Samsung is making a stronger push into the burgeoning Internet of things space with the planned acquisition of SmartThings, a 2-year-old startup that has created an open platform for the smart home.
Samsung is paying a reported $200 million for SmartThings, which will run independently as part of Samsung's Open Innovation Center (OIC). SmartThings will move its headquarters from Washington, D.C., to Palo Alto, Calif., as part of the deal.
SmartThings, which began as a Kickstarter project, has created a mobile app for smartphones and tablets that gives users the capability to monitor what is going on in their homes, review what has happened there in the past, control such connected devices as locks, lights, appliances and electronics, and customize how those devices work. It also works with a range of partners, and its open IoT platform works with devices running Apple's iOS and Google's Android mobile operating systems. The platform supports more than 1,000 devices and 8,000 apps that have been created by developers and device makers.
For Samsung, the acquisition will give the company another avenue into the Internet of things (IoT), which promises to ramp up over the coming years as more intelligence is put into devices and systems that will be connected to the Internet and each other.
Cisco Systems officials said that, by 2020, there will be some 50 billion connected devices worldwide—from smartphones and tablets to cars, appliances, manufacturing systems, health care devices and security sensors—communicating with each other and swapping data. IDC analysts believe that revenues from IoT will reach $7.1 trillion by the end of the decade; Cisco believes that the financial boon to businesses from IoT will reach $19 trillion.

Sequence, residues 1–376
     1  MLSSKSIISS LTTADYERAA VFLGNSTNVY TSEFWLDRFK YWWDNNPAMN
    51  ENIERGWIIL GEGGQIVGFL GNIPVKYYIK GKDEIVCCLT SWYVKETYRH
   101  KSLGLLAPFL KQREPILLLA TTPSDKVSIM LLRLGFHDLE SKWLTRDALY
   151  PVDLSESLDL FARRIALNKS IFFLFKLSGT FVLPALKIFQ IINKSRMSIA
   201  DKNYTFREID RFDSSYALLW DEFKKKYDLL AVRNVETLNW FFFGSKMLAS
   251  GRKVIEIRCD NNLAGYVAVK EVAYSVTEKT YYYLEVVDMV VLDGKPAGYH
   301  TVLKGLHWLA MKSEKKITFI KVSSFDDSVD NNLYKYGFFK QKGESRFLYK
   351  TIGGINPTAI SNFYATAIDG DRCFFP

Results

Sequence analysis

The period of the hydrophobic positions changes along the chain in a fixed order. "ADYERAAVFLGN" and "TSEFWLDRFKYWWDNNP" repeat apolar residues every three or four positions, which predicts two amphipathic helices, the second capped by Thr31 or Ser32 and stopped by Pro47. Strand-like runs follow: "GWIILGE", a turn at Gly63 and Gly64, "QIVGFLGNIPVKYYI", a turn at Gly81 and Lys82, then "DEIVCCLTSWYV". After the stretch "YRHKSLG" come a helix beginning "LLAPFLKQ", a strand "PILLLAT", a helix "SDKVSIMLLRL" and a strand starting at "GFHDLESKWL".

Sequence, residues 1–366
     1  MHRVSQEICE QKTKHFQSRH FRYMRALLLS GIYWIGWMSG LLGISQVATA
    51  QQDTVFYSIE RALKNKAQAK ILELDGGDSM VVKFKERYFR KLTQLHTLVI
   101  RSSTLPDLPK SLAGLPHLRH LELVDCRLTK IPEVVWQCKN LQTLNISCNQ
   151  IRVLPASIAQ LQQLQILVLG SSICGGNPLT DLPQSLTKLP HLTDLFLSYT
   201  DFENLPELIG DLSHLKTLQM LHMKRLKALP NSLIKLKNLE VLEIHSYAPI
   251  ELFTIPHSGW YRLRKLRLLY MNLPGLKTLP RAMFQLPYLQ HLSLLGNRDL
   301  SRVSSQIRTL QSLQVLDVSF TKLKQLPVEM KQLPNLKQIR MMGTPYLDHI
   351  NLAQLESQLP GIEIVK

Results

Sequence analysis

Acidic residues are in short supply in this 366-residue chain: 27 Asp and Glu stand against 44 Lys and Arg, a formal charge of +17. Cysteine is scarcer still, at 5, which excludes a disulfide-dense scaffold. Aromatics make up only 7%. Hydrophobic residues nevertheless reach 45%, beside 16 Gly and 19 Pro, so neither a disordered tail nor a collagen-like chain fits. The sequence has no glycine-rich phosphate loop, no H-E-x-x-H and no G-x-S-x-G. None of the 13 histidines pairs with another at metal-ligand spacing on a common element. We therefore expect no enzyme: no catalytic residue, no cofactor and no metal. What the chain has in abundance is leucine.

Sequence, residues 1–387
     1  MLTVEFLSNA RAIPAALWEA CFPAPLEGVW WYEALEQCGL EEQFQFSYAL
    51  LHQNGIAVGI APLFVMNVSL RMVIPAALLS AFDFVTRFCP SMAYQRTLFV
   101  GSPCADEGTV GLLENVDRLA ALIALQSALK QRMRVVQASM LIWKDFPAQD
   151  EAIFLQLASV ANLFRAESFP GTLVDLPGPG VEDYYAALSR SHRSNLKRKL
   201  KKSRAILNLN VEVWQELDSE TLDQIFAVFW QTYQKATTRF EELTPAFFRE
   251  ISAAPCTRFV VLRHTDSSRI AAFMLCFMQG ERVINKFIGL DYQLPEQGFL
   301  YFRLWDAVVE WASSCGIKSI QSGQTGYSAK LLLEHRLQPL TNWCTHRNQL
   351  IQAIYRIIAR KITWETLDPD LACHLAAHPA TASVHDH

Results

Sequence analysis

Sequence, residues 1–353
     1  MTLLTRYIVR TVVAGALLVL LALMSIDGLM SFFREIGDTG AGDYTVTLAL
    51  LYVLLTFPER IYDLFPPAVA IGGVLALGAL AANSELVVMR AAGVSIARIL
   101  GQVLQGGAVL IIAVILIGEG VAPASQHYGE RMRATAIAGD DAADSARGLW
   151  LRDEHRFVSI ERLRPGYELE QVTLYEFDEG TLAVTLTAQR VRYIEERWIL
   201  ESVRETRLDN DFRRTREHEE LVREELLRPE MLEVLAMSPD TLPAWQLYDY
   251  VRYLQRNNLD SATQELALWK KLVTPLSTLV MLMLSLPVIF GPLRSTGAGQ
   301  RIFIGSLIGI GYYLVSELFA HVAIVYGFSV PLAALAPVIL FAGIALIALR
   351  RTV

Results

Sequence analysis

Samsung already offers a range of connected devices, from smart TVs to wearables and is active in such industry consortiums as The Thread Group—which it founded with ARM and Google's Nest business—and the Open Internet Consortium, founded by Samsung along with the likes of Dell and Intel.
At the 2014 Consumer Electronics Show in January, company officials introduced the Samsung Smart Home service, which enables all the connected devices in a home to be connected via a single platform.
Other vendors also are making a strong push into the space, including Google with its recent acquisition of Nest Labs, which makes such programmable devices as thermostats and smoke detectors—and Apple, which is looking to turn the iPhone into a remote control device for the home.
Samsung, Google and others also are making pushes into the wearable device space, a key part of the IoT.